Consistent, Small Efforts Can Result in Lifesaving Development
“Success is the sum of small efforts, repeated day in and day out.” My son Cullen could have been the poster child for this famous quote by Robert Collier.
The 20th century American author of self-help books believed that “when it comes to finding true success, one needs to be willing to commit to their plan every single day, put in the necessary work at a consistent rate, and form healthy, helpful habits that aid in personal development.” The way my son has lived his life gives testament to Collier’s words.
An important part of self-advocacy are the small efforts repeated day in and day out. It’s been crucial to Cullen’s lifesaving development.
When living with pulmonary hypertension (PH), he rested as needed and avoided activities that would leave him breathless. He faithfully took his medications on time and protected his Flolan and milrinone central lines. He carried their intravenous medication pumps 24/7 in a backpack and kept the cartridges cold by replacing reusable ice packs multiple times a day.
He carefully balanced his water intake with his diuretics — too much would risk edema, and too little could cause dehydration. When right-heart failure made eating full meals difficult, Cullen nourished himself with small snacks and shakes throughout the day.
These small efforts were not in vain. Cullen survived PH for almost six years longer than he would have if he didn’t commit to them daily. This was something Cullen’s doctor pointed out when breaking the news that it was time to list him for a heart and double-lung transplant.
Cullen deserved the credit for remaining stable for as long as he did, but the decline was not his fault. His PH reached a critical point in which treatments were no longer effective.
While hospitalized and waiting for the transplant call, Cullen kept his body strong for surgery by getting out of bed and taking walks around the nurse’s station. This seemingly small effort was hard for him to do. His overworked heart and lungs made his body feel weak, but he kept trying to put one foot in front of the other. Staying nourished became increasingly difficult, but with encouragement from the nurses, he would set his watch to eat and drink a little throughout the day and night.
Last August, Cullen celebrated six years post-transplant, thanks to his donor, doctors, and his own self-advocacy. He takes a lot more transplant medications than he did for PH, but remains committed to taking them on time, every day. Cullen practices healthy habits and has been doing so long before the pandemic pressured others to make the effort. Since receiving his new heart and lungs, Cullen has faithfully worn a protective mask when out in public. He avoids large crowds and frequently washes his hands.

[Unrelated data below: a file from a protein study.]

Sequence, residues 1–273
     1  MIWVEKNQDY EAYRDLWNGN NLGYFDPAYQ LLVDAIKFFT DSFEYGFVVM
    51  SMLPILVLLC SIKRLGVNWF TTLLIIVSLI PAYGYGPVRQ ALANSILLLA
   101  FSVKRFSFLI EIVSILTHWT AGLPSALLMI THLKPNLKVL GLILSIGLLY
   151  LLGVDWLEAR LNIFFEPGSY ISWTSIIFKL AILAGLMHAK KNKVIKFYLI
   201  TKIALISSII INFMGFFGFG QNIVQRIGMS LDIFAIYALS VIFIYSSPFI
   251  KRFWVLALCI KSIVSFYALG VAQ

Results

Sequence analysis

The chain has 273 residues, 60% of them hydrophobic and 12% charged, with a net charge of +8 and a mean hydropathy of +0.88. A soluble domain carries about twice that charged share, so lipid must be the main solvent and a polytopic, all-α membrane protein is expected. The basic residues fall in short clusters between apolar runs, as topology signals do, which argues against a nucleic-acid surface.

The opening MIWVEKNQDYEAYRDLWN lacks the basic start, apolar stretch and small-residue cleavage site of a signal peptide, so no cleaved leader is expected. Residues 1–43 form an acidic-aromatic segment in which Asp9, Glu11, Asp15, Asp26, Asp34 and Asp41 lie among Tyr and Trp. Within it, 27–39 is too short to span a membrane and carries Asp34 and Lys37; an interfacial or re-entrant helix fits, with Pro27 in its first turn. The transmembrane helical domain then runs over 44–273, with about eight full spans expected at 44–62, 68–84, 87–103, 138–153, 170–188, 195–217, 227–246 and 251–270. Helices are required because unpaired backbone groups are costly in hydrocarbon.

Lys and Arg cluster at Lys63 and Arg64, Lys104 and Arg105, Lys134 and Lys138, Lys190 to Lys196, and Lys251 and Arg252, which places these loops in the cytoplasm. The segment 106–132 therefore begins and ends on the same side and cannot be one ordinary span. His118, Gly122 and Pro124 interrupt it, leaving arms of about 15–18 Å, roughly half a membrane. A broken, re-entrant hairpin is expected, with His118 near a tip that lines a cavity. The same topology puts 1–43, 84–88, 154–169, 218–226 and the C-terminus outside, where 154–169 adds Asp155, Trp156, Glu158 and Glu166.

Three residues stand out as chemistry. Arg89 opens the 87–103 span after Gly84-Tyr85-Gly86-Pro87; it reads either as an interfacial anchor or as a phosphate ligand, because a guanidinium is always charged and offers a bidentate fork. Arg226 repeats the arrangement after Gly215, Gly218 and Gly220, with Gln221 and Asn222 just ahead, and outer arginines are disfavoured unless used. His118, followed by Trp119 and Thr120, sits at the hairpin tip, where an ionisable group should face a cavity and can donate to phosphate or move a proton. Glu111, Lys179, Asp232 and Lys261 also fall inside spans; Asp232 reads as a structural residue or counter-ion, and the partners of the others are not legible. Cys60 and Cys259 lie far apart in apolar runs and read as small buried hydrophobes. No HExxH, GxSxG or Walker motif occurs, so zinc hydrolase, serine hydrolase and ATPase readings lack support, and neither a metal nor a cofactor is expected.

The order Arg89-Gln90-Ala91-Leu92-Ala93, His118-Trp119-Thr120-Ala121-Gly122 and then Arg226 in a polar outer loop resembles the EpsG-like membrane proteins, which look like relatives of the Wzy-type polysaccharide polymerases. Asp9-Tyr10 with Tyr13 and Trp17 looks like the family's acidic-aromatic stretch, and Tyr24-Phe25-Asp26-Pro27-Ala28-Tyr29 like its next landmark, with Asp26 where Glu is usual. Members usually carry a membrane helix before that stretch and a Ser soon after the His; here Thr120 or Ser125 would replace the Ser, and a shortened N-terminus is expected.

Years ago, Cullen started to reject his new lungs. He received daily high doses of steroids and underwent photopheresis to slow the decline. A side effect from the prednisone was extreme weight gain, but stopping the rejection was well worth the pounds. Eventually, the steroid dosage was lowered, and Cullen lost the weight by counting calories every day and avoiding unhealthy snacks.
For five years, he has maintained a healthy weight, but now is facing another nutrition challenge. Immunosuppressants caused kidney injury that slowly turned into stage 3 kidney disease. Since then, Cullen has struggled with high blood pressure.
Finally, after several years of medication and dosage changes, the best blood pressure treatments for Cullen have been found. But Cullen discovered through self-evaluation that it requires consistent effort from him to help the new medications remain effective.
He made the decision to go cold turkey and give up all caffeinated drinks. In fact, he only drinks water. This helped, but not enough. Several times a week, his blood pressure would suddenly jump from healthy to high, making him feel extremely ill.
More research and self-evaluation brought him to the conclusion that it was time to put himself on a restricted sodium diet. This has been very effective, but I noticed he was only eating one meal a day. We discussed this concern with his nephrologist.
The doctor commended Cullen’s efforts and pointed out that usually patients find it difficult to restrict themselves the way he has. But he had taken his daily regimen a little too far. Cullen must once again adjust his efforts, this time to include more nutrition. He will be trying the Mediterranean Diet that his doctor suggested.
Don’t get discouraged if the outcome of your efforts doesn’t achieve the results you were hoping for. “Success is the sum of small efforts,” but realize that as your goals change your efforts should as well.
Note: Pulmonary Hypertension News is strictly a news and information website about the disease. It does not provide medical advice, diagnosis, or treatment. This content is not intended to be a substitute for professional medical advice, diagnosis, or treatment. Always seek the advice of your physician or other qualified health provider with any questions you may have regarding a medical condition. Never disregard professional medical advice or delay in seeking it because of something you have read on this website. The opinions expressed in this column are not those of Pulmonary Hypertension News or its parent company, BioNews, and are intended to spark discussion about issues pertaining to pulmonary hypertension.